In a more recent rescue operation from July 2020, seven bonded laborers aged between 15 and 26, were rescued by government officials from a borewell digging unit in Belagavi district. According to The Hindu, all of them belonged to the Gond Scheduled Tribe from Chhattisgarh and were brought with the promises of good living conditions and wages ranging from Rs. 9,000 to Rs. 15,000 per month. Not only did these promises turn out to be false, but they were even forbidden from going home when coronavirus struck. They were also not given masks or other safety equipment while they continued to work during the lockdown period.
The global pandemic, resulting in lockdown, and the ongoing health risks have made the already vulnerable communities further susceptible to exploitation and bonded labor, according to Outlook India. The writer, Niharika Chopra, Director, Policy, at the Kailash Satyarthi Children’s Foundation, explains how unorganized and migrant workers faced with “deprivation and hunger” would be forced into debt and predatory interest rates, which in turn would push them into an “inter-generational bondage and wageless labor.”
The work of NGOs and various government departments is helping reduce the number of bonded laborers in the country—which was recorded as well over one crore in the 2012 book Bonded Labour: Tackling the System of Slavery in South Asia by Harvard University scholar Siddharth Kara.
In July 2016, the Ministry of Labour & Employment (MoLE) of the Govt. of India announced in the Rajya Sabha that the government plans to release and rehabilitate an estimated 1.84 crore bonded laborers across the country by 2030 while also strengthening prosecution in these cases.
But, rescue doesn’t end with just releasing laborers from the place of bonded labor, but with ensuring their livelihood.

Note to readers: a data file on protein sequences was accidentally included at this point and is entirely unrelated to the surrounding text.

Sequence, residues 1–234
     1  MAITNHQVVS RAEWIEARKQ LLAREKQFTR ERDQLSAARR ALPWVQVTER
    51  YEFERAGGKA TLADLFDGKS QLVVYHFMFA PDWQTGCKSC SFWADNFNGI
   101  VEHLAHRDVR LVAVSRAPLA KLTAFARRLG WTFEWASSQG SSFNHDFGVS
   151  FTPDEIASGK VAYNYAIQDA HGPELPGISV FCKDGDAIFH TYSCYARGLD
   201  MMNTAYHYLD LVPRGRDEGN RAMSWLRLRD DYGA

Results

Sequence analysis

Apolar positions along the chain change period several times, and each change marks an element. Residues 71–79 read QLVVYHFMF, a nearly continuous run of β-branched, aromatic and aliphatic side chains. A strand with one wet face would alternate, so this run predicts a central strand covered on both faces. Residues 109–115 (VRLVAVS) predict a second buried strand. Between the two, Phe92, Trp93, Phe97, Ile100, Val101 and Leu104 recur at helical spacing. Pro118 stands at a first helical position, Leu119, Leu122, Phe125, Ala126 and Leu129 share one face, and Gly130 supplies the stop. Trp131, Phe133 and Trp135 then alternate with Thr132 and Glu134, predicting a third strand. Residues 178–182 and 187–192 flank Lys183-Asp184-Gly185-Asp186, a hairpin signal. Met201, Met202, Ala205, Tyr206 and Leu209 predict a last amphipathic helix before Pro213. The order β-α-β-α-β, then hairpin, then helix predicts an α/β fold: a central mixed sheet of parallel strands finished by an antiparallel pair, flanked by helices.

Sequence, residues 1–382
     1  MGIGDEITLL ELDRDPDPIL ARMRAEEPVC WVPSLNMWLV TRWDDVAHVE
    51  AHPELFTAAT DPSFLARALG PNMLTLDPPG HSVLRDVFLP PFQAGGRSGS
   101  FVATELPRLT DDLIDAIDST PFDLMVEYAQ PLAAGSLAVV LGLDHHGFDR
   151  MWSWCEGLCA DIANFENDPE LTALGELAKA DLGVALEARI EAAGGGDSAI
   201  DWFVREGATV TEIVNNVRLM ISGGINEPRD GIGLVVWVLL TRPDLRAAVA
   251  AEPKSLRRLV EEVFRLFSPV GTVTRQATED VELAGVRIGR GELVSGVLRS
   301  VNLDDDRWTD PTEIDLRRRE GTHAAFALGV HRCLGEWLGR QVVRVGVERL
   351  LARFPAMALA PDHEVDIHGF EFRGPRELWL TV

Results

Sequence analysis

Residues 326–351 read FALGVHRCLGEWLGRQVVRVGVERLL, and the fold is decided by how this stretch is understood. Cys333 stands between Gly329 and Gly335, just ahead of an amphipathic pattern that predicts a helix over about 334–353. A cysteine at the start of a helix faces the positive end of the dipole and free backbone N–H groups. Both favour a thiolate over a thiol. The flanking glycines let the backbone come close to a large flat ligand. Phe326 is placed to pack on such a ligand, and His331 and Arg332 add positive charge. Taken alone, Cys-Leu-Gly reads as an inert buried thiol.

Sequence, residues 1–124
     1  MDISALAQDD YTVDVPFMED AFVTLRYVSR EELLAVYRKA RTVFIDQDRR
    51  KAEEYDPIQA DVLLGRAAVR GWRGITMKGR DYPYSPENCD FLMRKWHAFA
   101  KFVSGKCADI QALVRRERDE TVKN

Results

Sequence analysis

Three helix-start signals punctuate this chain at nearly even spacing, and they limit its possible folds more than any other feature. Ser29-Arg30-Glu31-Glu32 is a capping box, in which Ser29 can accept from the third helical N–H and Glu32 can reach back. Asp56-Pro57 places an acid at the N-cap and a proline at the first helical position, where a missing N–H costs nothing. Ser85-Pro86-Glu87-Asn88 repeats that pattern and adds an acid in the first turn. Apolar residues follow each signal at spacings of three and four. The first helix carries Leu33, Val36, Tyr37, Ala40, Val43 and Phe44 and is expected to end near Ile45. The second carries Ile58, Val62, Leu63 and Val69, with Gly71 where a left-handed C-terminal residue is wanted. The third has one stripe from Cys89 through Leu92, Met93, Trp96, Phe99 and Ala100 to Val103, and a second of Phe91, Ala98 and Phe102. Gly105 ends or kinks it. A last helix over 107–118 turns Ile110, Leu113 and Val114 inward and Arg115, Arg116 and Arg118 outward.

Generally, after a laborer is rescued, the district administration conducts a detailed inquiry and determines all the facts of the case, after which they are issued a Release Certificate (RC). This cancels all their debts and obligations to the employer, giving them a legal identity as released bonded laborers, entitling them to a number of rehabilitative measures. Unfortunately, red tape contributes to many cases ending in the magistrate court and getting buried there, while the political clout of a lot of the traffickers and owners encourage them to act with impunity.
As Karnataka Public Prosecutor and lawyer BT Venkatesh tells The News Minute, “NGOs don’t have the resources to see to the protection of the laborers; the police have no business protecting the accused because their job is to register the case. The state Welfare Department working on this has bureaucratic issues and they have no time to ensure safety. So, the bonded laborer remains a bonded laborer.”
The end to bonded labor can only happen with a victim-centric approach that is backed by a well-functioning justice system, timely resolution of cases, and rehabilitation of survivors. More importantly, preventive measures such as social protection and access to credit and finance would help vulnerable communities stay protected from bonded labor.
*The name was changed to protect the identity of the individual